Stone Soup is a magazine of writing and art by kids ages 13 and younger. We publish stories, poems, book reviews, and illustrations, all by young writers and artists. Stone Soup welcomes submissions from young people up to and including age 13. If you live in the U.S. or Canada, you must submit your work by postal mail.
Submission guidelines at http://www.stonesoup.com/stone-soup-contributor-guideline/Call for Submissions for Young Writers:

Call for Submissions for Adult Writers:
CHICKEN SOUP: MERRY CHRISTMAS
http://www.chickensoup.com
Share your special stories about the holiday season—including Chanukah and Kwanzaa — from inspirational and joyous, to heartwarming and humorous. Remember, all the stories in our Christmas books are “Santa Safe” — we don’t want to spoil the magic for children. This title was previously posted as “Stories about the Christmas Season.” If you submitted a story for that title it will be considered for “Merry Christmas!” Maximum 1,200 words. Pays $200 and ten copies.
Deadline: March 31, 2015.

Sunday, March 8, 2015

Many New Year’s resolutions involve the dreaded four-letter word, DIET. What a scary word for people who love to eat (That’s me) and for writers (Me, again). When it comes to food, I fail miserably at dieting, but with writing, I seem to have more success.  

Stephen King, in his book On Writing, encourages wordsmiths to “cut everything by 10%.” So if you’re writing a 10,000-word manuscript, trim it by 1,000 words. Why? and How? seem to be the obvious questions here.
Have you read books in which the author goes on and on with description to the point the reader is wondering What is the point? Excess words often wander, fail to promote the plot, and the reader loses interest. Some sentences and paragraphs are so long, they too create reader disinterest. Tight writing eliminates boring and confusing text and increases clarity and interest.
How do you know what to cut and what to describe in depth? Next week, I’ll look at ways to put your manuscript on a diet and achieve success. (I’m still looking for the diet that works for me.)
Call for Submissions for Young Writers:

KidsBookshelf. All kids 17 years of age and younger are welcome to send in their original poems to be published on our site. All entries should be written in English with correct spelling and grammar. The poem (maximum 200 words) must be original. The form must be filled out completely for poems to be accepted.

Submission guidelines at http://www.kidsbookshelf.com/index.php?option=com_chronocontact&chronoformname=Submit_Poems&Itemid=61

Call for Submissions for Adult Writers:
Timeless Tales Magazine publishes retellings of fairytales and myths. We will open again for submissions. Issue #4's theme is "Perseus and Medusa".

We encourage a wide variety of genres and while our audience isn't specifically targeted at kids, we do accept YA stories and we only accept content with a PG-13 level or lower.

 

Deadline: March 23.

Sunday, March 1, 2015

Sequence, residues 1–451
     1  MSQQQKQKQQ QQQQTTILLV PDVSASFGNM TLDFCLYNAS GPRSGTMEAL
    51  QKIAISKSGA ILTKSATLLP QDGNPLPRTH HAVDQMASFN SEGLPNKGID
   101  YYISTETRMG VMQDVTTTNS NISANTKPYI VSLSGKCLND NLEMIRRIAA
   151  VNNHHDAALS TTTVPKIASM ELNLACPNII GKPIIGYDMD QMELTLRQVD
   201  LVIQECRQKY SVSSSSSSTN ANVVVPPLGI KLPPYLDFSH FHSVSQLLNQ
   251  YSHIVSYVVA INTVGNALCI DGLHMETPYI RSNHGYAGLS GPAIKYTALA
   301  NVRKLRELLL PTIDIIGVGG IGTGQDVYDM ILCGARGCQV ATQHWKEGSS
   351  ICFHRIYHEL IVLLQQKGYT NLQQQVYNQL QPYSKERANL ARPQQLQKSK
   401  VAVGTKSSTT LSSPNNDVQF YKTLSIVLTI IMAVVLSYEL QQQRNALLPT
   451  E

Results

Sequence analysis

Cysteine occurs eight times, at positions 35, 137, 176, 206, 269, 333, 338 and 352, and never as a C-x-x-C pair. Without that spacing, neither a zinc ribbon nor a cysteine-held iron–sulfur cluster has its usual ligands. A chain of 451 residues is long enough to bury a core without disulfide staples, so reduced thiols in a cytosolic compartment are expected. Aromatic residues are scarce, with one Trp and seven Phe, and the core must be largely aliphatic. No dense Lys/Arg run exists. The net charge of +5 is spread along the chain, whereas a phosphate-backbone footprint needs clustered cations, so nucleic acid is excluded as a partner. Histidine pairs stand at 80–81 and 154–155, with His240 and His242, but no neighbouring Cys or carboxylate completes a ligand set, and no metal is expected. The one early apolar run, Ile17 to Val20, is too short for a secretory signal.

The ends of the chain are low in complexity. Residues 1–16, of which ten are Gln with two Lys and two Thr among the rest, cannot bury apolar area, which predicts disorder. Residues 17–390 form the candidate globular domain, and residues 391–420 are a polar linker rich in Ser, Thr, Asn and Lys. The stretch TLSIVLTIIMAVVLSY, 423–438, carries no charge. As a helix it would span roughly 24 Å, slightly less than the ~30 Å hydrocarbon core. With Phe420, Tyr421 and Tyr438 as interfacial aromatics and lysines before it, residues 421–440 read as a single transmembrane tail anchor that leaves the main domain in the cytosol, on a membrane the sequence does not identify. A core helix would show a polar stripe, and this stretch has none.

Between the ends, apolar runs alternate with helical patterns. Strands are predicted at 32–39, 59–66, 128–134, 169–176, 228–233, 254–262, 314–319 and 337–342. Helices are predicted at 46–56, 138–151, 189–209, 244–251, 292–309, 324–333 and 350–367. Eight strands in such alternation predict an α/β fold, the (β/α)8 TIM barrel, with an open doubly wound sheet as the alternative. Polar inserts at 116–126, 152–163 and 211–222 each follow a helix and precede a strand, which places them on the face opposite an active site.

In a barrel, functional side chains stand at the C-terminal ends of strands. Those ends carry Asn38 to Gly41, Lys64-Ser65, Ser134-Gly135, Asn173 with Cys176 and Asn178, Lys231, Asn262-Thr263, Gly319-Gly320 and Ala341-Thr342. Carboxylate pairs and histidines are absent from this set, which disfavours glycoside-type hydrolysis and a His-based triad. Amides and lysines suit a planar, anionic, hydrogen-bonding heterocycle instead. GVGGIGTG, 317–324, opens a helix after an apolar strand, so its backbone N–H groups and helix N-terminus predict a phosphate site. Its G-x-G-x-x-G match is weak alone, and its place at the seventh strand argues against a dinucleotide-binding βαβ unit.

Critiques

2015 is still young and this is THE YEAR to find a critique partner or group if you have not already.

Writers at all stages of their careers benefit from new eyes reading their words. Feedback provides valuable information, especially if the feedback is from writers who understand what to look for in a manuscript. A critique should focus on a piece in two ways: the overall story and specific parts, also known as the big picture and the small picture.

Overall story evaluation includes character assessment: Are the character believable? Does each character have unique traits, such as speaking differently. Feedback I once received from an editor stated that two of my characters were too much alike. As I reviewed the manuscript, I had to agree. Until she pointed out the flaw in my writing, I had not noticed it.

The specific parts critique is a line-by-line evaluation that focuses on word choice, transitions, action verbs, grammar, etc.

Critique groups are basically large online groups, forums, and small personal groups. The large online groups offer critiques from writes at different stages of their careers. Some writers love this type of feedback. Go online and type “children’s writers critique group” and you’ll find lots of information and a variety of groups. With critique forums, you post your story on a forum and receive feedback. Of course, you will be expected to provide critiques for other writers, also. My critique group began with four members a few years ago. We are now down to two, but we provide more detailed feedback and more often, if needed, than if we were members of a large group.

If you prefer face-to-face contact with a critique group, you can find members locally. Go to the local bookstore, library, or college and post signs requesting a sign-up of the group. You’ll probably find several people in your community that want to participate.

Call for Submissions for Young Writers:
Teen Lit. Our goal is to promote teen literacy locally and globally by building small libraries in schools and in a free medical clinic, and by sending newly-released teen literature worldwide to be reviewed by teens.